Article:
Podcast: a younger voter's guide to the European referendum

What is motivating younger voters in the European referendum – and what should?

Josh Neicho Joana Ramiro
6 June 2016

‘The eternal quest for youth’; ‘How can we stop Glastonbury goers from missing out on their vote?’; ‘David Cameron signs up for Tinder’; ‘Young people MUST vote in EU referendum – despite David Cameron’ – headlines greeting readers of Britain’s upmarket and popular press over the past few weeks.

Three years ago, strategists on both sides identified 18-44 year olds as a key constituency to be courted at the anticipated referendum, with UKIP said to be considering a pop star as the face of its Brexit campaign. Alesha Dixon, 5ive and East 17’s decision to pull out of a concert in Birmingham throws doubt on the wisdom of this strategy while YouGov polling in April found a distinct generational split, with a majority of voters under 43 being pro-Remain, increasingly so the closer they are to voting age, and voters above 44 more likely to be Leavers as the years ascend.

But the biggest question around young people and the referendum is turnout. A poll last week commissioned by the Electoral Reform Society found less than half of 18-24 and 25-34 year olds said they would definitely vote, compared to 80 per cent of those over 65. In the same survey, just 16 per cent of 18-24 year olds said they felt well-informed about the referendum. Following changes to the electoral registration system last December, 30 per cent of 18-24 year olds may not be registered to vote as the deadline to sign up expires on Tuesday.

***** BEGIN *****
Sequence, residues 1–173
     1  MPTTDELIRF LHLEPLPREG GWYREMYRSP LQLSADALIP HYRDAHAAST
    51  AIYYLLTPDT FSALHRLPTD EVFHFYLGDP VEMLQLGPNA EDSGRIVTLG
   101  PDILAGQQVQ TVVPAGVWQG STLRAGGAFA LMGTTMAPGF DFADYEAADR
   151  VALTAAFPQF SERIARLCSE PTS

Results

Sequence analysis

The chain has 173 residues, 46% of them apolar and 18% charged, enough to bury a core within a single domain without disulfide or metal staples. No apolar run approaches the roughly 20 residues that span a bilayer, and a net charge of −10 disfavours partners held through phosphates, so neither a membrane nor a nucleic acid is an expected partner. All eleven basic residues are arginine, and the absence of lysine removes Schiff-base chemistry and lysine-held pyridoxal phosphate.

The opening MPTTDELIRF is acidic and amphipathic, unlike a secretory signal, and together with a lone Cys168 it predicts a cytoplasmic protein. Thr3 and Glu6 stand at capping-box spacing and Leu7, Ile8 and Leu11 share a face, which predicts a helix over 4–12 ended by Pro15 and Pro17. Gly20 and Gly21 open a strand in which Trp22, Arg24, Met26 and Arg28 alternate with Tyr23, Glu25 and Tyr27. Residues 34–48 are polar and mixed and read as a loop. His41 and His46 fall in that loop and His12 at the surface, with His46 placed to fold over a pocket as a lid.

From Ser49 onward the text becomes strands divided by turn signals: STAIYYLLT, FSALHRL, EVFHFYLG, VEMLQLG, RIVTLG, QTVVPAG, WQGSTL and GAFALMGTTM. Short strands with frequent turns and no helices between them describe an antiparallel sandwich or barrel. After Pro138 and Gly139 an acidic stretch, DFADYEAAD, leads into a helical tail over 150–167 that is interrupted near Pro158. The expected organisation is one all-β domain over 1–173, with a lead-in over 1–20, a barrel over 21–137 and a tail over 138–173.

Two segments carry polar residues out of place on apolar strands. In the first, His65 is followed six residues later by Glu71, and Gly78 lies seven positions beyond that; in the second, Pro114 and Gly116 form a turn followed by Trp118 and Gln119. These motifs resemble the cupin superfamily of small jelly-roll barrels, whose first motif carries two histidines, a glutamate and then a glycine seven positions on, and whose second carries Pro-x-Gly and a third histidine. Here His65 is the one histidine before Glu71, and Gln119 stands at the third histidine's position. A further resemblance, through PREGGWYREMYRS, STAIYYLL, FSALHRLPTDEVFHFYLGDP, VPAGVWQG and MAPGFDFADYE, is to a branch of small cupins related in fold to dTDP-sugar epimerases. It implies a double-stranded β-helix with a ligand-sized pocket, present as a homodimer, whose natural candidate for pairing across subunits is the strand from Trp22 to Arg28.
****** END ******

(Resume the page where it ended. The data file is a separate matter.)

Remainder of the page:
In this podcast, recorded after last week’s Guardian poll showed a 2 percentage point lead for Leave, four guests of different ages and positions on the political spectrum discuss the impact of the EU and the outcome of the referendum on the lives of young people. Luke Shore, former board member of the Organising Bureau of European School Student Unions and now a first-year undergraduate, hopes young people can wrest the debate for themselves and have it on their own terms. Both he and Morning Star reporter Joana Ramiro feel that the EU has been made a scapegoat for domestic policy and investment failures. Ramiro suggests TTIP represents a greater threat to individuality in the free market than EU regulation and fears a further undermining of British workers’ rights following Brexit. Consultant, graduate guide author and organiser of a 2014 conference on the EU Don Levett cautions against generalising about young people’s views, laments a kneejerk conflation of opposition to immigration and racism, and points to factors such as failures in housing market supply and the UK’s adaptation to a “flat white economy” as the key economic challenges transcending Britain’s EU membership. Charles Leach, an adviser to small businesses and founder of decries levels of youth unemployment in continental EU countries and calls on young people to educate themselves about the key facts. The guests consider how democracy currently functions within the UK and the EU, and how its purposes would best be served. They give their verdict on the official campaigns, say what they would like to hear more about over the next two weeks, and give their predictions for the outcome.

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